First Month at Work – Do I Smell Something Burning?

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3 weeks ago, I started working at Avigilon. I wouldn’t say I was terribly excited about returning from Europe to go to work, but still, it turned out quite well.

If you haven’t heard, Avigilon is one of the (or the?) fastest growing tech company in Canada, having IPO’ed less than 2 years ago at $4, and is now at $18. I thought it would be interesting to try working at an exploding semi-startup instead of a big well-established company like NVIDIA.

It’s definitely different. Very low overhead operation, with all extremely talented people.

For example they just got an HR department couple months ago apparently, when they were at around 200 employees (doubling every 1.5 years or so). How do you run a 200 people company without an HR department? I’ll probably never get to find out. The HR people that showed me around were REALLY nice, like, nicer than regular HR niceness. Maybe they will become less nice once they are more experienced?!

Benefits are OK. Pretty standard. Nothing really stands out, but also not terrible like NVIDIA (a 7000 people office with no gym… really?). No cafeteria, which is slightly annoying, but being in the middle of Yaletown means finding food is not really a problem. Finding CHEAP food is a bit of a problem, but making full time engineering salary makes it slightly less of a problem =P.

Coworkers are nice and very helpful, but the work is quite intense.

It’s definitely one of the most complicated codebases I have worked with. Plenty of templates, crazy inheritance hierarchies, different types of smart pointers, and thousands of classes. Lot’s of abstraction and polymorphism. I’d say it’s pretty clean, and people really know what they are doing.

As an aside, from what I heard, out of the people that have already been through resume-filtering and test-filtering (there’s a written test) that they interviewed, they only end up hiring about 1 in 5. Pretty happy that I made it.

On my first day, my supervisor drew me a class diagram of the subsystem I’ll be working on first. I have never seen someone draw UML diagrams that fast.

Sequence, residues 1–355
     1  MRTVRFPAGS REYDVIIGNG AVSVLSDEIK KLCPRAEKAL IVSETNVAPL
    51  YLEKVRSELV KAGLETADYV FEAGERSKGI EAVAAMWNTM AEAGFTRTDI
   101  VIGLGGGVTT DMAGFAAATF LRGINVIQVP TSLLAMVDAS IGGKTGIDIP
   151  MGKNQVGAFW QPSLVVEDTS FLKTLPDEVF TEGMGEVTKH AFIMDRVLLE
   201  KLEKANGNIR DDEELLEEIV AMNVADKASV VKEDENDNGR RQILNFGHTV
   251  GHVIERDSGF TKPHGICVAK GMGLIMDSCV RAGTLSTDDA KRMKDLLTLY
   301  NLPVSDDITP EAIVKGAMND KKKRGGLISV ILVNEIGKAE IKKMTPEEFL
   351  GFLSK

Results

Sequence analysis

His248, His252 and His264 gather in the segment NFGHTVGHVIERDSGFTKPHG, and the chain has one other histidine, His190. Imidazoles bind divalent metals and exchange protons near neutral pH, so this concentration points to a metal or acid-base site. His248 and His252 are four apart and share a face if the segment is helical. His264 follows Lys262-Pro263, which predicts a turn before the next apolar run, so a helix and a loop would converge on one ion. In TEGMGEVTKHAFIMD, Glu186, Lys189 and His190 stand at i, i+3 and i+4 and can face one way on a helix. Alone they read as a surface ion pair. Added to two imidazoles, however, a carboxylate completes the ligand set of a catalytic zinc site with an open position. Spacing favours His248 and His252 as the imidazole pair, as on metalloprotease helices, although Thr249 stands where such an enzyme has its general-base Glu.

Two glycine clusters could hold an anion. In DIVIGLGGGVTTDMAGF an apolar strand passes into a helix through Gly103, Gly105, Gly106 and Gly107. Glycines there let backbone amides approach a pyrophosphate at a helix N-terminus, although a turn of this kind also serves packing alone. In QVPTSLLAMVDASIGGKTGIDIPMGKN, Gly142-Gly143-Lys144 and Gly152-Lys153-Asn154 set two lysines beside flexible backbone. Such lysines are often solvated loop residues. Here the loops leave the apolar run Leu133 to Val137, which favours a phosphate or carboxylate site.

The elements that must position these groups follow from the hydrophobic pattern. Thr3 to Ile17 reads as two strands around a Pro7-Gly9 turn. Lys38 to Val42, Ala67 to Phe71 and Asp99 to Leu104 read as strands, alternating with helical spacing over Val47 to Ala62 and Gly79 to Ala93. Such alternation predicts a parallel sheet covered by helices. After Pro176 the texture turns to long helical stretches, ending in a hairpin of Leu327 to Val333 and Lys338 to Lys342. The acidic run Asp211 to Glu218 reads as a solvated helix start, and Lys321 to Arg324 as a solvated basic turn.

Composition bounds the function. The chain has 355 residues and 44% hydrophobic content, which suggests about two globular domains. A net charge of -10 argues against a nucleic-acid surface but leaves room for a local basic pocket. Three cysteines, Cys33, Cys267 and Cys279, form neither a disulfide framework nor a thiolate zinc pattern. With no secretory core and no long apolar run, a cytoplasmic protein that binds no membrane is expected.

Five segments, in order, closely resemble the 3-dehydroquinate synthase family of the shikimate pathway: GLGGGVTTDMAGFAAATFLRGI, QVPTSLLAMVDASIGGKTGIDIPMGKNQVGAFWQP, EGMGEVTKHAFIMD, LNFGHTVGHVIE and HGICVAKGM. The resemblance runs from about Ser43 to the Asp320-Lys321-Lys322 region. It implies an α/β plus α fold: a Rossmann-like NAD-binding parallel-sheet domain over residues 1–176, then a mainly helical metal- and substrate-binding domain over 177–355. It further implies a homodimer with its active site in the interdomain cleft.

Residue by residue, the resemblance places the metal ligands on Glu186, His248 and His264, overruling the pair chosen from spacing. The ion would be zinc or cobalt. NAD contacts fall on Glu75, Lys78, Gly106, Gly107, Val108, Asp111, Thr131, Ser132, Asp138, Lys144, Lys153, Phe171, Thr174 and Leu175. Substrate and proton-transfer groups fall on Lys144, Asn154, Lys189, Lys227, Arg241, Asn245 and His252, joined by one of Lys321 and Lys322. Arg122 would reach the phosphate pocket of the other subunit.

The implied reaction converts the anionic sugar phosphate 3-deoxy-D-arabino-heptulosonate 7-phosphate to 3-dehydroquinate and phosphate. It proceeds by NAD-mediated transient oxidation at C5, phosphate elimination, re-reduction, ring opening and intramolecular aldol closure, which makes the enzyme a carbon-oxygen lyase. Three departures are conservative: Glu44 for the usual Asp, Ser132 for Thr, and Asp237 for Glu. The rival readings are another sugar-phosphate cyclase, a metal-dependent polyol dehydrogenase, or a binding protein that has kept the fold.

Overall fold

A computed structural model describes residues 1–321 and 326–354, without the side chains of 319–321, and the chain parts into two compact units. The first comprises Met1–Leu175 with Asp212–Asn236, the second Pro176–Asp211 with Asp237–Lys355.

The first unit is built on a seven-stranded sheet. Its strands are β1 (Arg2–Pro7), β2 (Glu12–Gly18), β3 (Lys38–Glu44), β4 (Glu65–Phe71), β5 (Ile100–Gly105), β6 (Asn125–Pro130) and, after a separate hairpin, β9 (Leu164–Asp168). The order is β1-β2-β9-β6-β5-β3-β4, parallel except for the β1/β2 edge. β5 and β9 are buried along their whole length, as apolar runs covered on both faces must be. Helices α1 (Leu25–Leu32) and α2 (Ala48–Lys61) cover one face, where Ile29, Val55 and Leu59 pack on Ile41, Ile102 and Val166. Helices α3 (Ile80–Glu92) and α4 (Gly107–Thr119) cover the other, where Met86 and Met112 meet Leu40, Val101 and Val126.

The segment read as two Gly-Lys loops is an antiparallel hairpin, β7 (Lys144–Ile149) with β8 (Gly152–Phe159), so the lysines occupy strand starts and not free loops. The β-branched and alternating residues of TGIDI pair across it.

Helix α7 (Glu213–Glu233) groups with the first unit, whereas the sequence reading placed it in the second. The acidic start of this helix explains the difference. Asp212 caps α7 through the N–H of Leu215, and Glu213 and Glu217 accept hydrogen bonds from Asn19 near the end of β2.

20-30 classes, plenty of abstract base classes and complicated dependencies, and inheritance chains 6-7 classes long, in about 15 minutes, while explaining and answering questions the whole time. Impressed.

My first task was to port someone’s big change (20+ files) on an older system to a new system, that is being majorly re-architectured and re-written at the same time, while I was trying to figure out the code structure. I would spend couple hours figuring out how a big subsystem works, and then be told that it actually won’t exist any more once he pushes his latest re-architecturing changes into the master repository, and that I have just spent hours integrating changes into the part of the code that’s going down the drain. That’s fun.

It’s nice to finally feel challenged at work, and be learning new things instead of just applying things I already know over and over. A lot of opportunities for exploring, and things to get creative about. Happy.

Working on this kind of projects require a very different set of skill compared to working on things like school projects, where you can be intimately familiar with all parts of the program you are working on. In large scale developments like this, no one is intimately familiar with more than a few percent of the code, and they still have to be able to contribute effectively. It’s something I am getting more and more comfortable with, and this time, it only took me about 1 week to get more or less up to speed (vs 1 month at Capcom, where I had my first insane-codebase experience)! Need to be able to recognize many design patterns, and be able to guess (correctly) how things work just by looking for those patterns. It’s something they don’t teach in school, and I don’t think they really can, but it’s very useful.

People wise, it’s a very work-intensive place and people don’t joke around or even talk much, which is an interesting departure from the kind of work environments I’m used to, but I think I’m getting used to it.

Management definitely has significant amount of presence. There’s a pretty well-defined management structure, and I’m not too sure if I like that, but it clearly works for the company.

Also a lot of PM, almost to the point that you’d be spending more time creating tickets and coming up with time estimates, than actually writing code. That’s pretty annoying, but at least they are nice people.

Now the fun part – the run club I just joined. There are about 20 HR, sales, finances, and marketing people… and about 3 engineers. I don’t know if it’s because engineers are too busy to exercise, or not many of them can run 10 km :P. It’s also interesting that it’s mostly girls (they are INTENSE!), when the engineering department is about 98% guys (I’m PRETTY sure that’s not due to discriminatory hiring practices). Nice.

Overall, pretty happy! ┬áDon’t know what’s my next step, yet. I want to go back to school to do masters in CPSC some time. Not for financial reasons – I’m pretty sure I won’t be able to get the money back, but because there are so many interesting things in CPSC that I’ve yet to explore. Maybe in couple years? In the mean time, I’ll have some fun here!